Film Composers in the Sonic Wars
The article, Film Composers in the Sonic Wars, discusses the struggle some composers have getting their work heard and appreciated, how talented mixers can clear congestion from the center channel, fees on film composing and symbiotic relationship between the film makers and the composer.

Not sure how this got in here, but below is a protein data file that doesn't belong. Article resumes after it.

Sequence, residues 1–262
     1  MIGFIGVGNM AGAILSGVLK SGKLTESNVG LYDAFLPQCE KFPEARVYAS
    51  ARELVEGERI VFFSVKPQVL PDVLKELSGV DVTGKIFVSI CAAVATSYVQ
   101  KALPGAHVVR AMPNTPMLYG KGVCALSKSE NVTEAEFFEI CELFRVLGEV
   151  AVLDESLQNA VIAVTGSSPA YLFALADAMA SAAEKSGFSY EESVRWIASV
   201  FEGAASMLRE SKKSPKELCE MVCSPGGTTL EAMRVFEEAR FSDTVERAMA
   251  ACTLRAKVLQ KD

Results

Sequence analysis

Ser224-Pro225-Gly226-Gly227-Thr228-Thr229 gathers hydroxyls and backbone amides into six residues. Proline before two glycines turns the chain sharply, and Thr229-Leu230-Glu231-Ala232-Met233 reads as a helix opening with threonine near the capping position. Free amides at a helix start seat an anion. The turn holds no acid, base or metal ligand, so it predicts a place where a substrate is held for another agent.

When a composer steps into the studio, more often than not they have an extremely limited time to write the music for a film. Most composers conduct, compose and record in three weeks or less (Pg. 10 Herhson,). One of the goals of the composer in this three week crunch time is, making sure the sound effects and other elements of the film do not collide with the film score. Helping clear the “traffic jams” are talented mixers. A couple of talented mixers are Terry Porter and Shawn Murphy who have worked with numerous production studios. It is their job to make sure music that gets near the dialog or sound effect does not get gobbled up (Pg. 10 Hershon). It’s important in my opinion that these two groups of people work together to make sure the music in the film is functioning well with the character on screen and the sound effects as well as the source music. Another topic touched on in the article was “new use fee”. This essentially is a musician’s fee. A majority of the time musicians are neglected in the credits of the film, making the musician feel inadequate or unappreciated. No matter the film, I feel all musicians should be included in a films credits just like all the film makers are, if the catering company and cooks can make the final credits so should the musician. While reading the article I found it shocking that, most composers are made to feel their work is disposable (Pg. 11 Hershon). Being such a large piece of the puzzle in making a film function, I figured composers would be treated with more respect. Learning composer’s music is often disposed of and not cared for was surprising. Also the director and the...
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